On July 2, 2001, at 1426 Pacific daylight time, a single engine Robinson R22 Beta helicopter, N4052K, experienced a hard landing and rolled over after making a 180-degree autorotational approach at Hayward, California. The helicopter sustained substantial damage. The certified flight instructor and commercial pilot/flight instructor candidate received minor injuries. The helicopter was registered to a private individual, and the Sierra Academy of Aeronautics of Oakland, California, was operating the helicopter as an instructional flight under the provisions of 14 CFR Part 91 at the time of the accident. The local flight departed Oakland at 1330. Visual meteorological conditions prevailed at the time, and no flight plan had been filed. Use your browsers 'back' function to return to synopsisReturn to Query Page
According to a written statement provided by the flight instructor, the objective of the flight was to increase the student's proficiency in "full-down straight in" and "180-degree power recovery" autorotations. After the student completed full-down straight in autorotations, the instructor had him practice the 180-degree power recovery autorotations. The flight instructor indicated that the first attempted maneuver was uneventful, and the second maneuver entry was "accurate with regard to airspeed, altitude, rotor rpm, and rate of turn and trim." The airspeed was stable at 62-63 knots, with the rotor rpm "pegged in the middle of the green region." After approximately 130 degrees of turn, a "high rate of descent developed," while the airspeed and rotor rpm remained stable.
The instructor "joined" the student on the controls and initiated a progressive rollout of the turn while simultaneously applying aft cyclic, raising the collective, and applying more power for a power recovery to level flight. However, the engine did not respond to the throttle input.
Due to the rate of descent, the flight instructor elected not to attempt an "aggressive flare fearing a tail rotor ground strike." He continued with aft cyclic input and collective manipulation to reduce forward airspeed and rate of descent for a run-on landing. The helicopter contacted the ground in a "near skids level attitude" approximately 30 knots, with the rotor rpm in the "high end of the green region." The helicopter became airborne approximately 8-10 feet above the ground. The flight instructor indicated that the throttle was still unresponsive. He raised the collective to cushion the second impact and the low rotor rpm warning light and horn came on prior to set down. The helicopter impacted the ground again approximately 20 knots, the left skid collapsed on contact, and it rolled to the left coming to rest on its left side facing approximately 180 degrees from the approach heading.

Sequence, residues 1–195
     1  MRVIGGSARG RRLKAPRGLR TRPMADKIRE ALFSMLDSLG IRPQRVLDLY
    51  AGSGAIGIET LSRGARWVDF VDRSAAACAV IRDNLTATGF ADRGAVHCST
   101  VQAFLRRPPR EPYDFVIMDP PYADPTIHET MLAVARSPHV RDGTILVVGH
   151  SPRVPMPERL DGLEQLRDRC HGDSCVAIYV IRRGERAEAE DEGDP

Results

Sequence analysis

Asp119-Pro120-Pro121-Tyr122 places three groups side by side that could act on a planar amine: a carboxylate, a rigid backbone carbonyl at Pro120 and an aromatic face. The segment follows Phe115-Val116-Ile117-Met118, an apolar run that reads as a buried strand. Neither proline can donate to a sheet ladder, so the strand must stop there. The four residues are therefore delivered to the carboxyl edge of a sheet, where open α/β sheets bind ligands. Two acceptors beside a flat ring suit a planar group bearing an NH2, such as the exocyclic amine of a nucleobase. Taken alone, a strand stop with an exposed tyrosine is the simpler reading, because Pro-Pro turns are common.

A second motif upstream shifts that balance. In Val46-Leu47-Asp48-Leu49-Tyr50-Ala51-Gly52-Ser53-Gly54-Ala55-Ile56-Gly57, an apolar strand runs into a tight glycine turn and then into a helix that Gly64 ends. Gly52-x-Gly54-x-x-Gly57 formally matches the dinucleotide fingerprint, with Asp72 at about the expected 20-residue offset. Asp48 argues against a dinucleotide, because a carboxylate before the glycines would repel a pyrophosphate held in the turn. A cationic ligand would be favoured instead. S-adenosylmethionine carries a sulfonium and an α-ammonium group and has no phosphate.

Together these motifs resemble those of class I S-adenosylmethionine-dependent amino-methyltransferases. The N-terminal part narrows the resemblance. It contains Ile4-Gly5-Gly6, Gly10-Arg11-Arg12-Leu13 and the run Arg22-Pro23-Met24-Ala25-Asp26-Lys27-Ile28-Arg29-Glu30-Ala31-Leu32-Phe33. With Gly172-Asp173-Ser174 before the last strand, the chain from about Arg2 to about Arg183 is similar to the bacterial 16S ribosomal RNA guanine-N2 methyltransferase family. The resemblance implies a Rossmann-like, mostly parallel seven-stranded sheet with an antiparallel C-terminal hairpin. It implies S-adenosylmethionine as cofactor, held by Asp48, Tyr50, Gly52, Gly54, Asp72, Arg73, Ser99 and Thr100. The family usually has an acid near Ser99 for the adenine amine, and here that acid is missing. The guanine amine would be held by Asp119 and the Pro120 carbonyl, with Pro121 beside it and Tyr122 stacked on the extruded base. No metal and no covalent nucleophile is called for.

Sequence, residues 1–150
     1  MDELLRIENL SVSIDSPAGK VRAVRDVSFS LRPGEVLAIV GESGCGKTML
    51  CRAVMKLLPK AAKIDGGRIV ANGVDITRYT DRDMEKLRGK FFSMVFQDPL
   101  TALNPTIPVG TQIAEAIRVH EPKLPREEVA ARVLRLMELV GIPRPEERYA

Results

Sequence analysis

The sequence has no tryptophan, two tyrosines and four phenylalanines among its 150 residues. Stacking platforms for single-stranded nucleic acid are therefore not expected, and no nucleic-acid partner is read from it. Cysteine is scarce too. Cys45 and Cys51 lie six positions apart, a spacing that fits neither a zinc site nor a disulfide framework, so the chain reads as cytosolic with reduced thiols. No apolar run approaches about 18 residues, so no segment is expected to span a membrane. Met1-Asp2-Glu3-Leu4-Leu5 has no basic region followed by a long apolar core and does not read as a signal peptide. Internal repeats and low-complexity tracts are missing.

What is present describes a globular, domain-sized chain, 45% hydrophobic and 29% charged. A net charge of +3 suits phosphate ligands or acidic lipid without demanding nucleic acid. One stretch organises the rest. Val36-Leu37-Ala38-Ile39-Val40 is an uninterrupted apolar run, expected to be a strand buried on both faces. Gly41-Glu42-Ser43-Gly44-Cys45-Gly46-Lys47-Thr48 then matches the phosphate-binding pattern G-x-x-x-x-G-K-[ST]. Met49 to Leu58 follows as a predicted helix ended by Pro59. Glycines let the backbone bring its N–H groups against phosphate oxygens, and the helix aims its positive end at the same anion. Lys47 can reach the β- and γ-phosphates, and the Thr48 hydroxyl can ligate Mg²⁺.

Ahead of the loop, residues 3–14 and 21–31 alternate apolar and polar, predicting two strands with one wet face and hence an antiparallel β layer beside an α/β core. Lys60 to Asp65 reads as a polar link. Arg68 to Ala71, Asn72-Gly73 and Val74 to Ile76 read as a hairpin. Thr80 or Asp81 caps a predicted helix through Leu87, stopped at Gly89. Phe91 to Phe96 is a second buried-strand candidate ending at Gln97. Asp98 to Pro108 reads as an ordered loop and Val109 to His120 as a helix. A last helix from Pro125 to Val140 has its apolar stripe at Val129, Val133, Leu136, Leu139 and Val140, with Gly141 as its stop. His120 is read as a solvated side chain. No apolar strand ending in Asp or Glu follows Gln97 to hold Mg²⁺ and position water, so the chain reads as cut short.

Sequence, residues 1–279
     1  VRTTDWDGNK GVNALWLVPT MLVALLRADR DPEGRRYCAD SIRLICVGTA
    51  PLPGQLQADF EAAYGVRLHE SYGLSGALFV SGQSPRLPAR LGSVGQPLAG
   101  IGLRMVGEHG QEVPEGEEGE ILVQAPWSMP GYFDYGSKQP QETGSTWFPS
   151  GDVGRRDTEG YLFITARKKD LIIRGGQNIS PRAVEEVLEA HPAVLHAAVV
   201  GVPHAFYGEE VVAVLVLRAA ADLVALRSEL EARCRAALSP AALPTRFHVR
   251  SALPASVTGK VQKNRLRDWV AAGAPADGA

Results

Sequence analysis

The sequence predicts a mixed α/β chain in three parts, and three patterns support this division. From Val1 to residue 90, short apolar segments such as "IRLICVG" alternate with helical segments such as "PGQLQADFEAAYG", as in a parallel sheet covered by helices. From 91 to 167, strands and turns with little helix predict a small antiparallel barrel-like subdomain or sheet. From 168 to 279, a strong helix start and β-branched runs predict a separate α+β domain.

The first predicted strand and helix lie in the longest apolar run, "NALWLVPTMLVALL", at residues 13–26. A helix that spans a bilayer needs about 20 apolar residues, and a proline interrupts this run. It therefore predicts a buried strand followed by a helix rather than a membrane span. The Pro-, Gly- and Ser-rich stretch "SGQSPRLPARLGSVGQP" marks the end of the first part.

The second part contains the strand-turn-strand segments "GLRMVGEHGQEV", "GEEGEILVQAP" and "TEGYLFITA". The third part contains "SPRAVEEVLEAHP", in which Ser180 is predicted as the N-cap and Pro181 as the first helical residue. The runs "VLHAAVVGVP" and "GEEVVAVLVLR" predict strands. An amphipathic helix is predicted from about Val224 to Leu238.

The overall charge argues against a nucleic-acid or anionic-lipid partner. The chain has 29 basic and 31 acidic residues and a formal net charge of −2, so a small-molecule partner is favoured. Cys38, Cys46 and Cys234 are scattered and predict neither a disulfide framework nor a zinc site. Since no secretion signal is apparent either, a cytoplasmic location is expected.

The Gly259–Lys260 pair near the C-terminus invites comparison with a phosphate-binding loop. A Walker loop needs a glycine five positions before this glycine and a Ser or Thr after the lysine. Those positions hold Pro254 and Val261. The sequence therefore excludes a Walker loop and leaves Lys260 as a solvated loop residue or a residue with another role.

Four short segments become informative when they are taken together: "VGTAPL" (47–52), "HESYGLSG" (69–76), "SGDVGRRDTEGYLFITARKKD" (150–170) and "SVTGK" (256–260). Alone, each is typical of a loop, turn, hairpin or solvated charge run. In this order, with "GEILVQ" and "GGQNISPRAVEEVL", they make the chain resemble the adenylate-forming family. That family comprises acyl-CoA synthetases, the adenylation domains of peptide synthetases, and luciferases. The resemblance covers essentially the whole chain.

Once the helicopter came to rest, the flight instructor realized that the student was not positioned in his seat "due to the failure of his seat belt." The flight instructor kicked out the right side Plexiglas canopy and exited the helicopter with his student. The instructor then turned off the main fuel valve, and the battery and alternator switches.
The tail boom was found fractured forward of the tail rotor danger sign and both main rotor blades sustained substantial damage. Both blades were curved upward and one blade was bent up approximately 90 degrees, 1.5 feet outboard of the main rotor hub. Photographs taken at the accident site showed the left seat restraining system's male clasp load bar failed.
The Federal Aviation Administration (FAA) inspector, who responded to the accident site, indicated that he had confirmed flight control continuity from the collective an cyclic to the pitch change links; however, the post-accident movement was limited due to bent push-pull rods. The antitorque system was disconnected at the tail boom separation point. No anomalies were noted with the main or tail rotor systems.
The auxiliary fuel tank, which gravity feeds into the main fuel tank, was found empty, and approximately 3.5-4.0 gallons of fuel were found in the main fuel tank. The carburetor fuel bowl was found approximately 1/2 full.
The FAA inspector indicated that oil contaminated the inlet air filter area and two of the bottom spark plugs from laying on its side. He removed the filter and cleaned the two spark plugs and reinstalled them. The inspector rotated the engine crankshaft by manually rotating the cooling fan. He did not note any binding or anomalies. The gascolator drain was opened and clean fuel came out with no evidence of contamination. There was no evidence of leaks in the fuel line. The inspector attached a battery and set the engine to a full rich mixture setting and primed the engine twice by turning the throttle. The engine started without difficulty and ran until the engine temperature rose. The inspector then performed a magneto check and found that they performed within limits. No anomalies with the engine were noted during the test run.
At the time of the accident, the helicopter had accumulated a total of 8,028.9 hours of flight time. Review of the helicopter's maintenance records revealed that the last 100-hour inspection took place on June 16, 2001, at a total time of 7,981.8 hours. The helicopter underwent its last annual inspection on January 15, 2001, at a total time of 7,683.0 hours.
According to the the flight instructor's written accident report, he reported having accumulated a total of 1,760 rotorcraft flight hours, of which "1,000+" hours were in the same make and model as the accident helicopter. The commercial pilot student accumulated a total of 174 rotorcraft flight hours, of which 111 hours were in the same make and model as the accident helicopter.